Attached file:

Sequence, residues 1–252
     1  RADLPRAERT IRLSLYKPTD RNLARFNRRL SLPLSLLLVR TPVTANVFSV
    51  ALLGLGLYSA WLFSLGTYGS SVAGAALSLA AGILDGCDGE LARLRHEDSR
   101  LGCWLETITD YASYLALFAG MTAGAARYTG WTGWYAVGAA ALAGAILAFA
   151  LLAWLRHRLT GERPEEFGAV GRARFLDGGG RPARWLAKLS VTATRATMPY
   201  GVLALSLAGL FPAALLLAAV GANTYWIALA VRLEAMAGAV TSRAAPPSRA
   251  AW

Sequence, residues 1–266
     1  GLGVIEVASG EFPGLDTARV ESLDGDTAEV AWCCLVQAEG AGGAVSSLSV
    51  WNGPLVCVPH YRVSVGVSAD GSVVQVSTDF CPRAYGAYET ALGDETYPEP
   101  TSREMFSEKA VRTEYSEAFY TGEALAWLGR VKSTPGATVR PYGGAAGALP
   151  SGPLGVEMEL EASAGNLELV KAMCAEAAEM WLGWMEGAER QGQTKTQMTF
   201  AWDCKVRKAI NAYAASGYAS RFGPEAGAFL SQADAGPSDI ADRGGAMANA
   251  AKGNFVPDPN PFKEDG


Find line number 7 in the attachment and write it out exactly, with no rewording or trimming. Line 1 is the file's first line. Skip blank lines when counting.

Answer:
   251  AW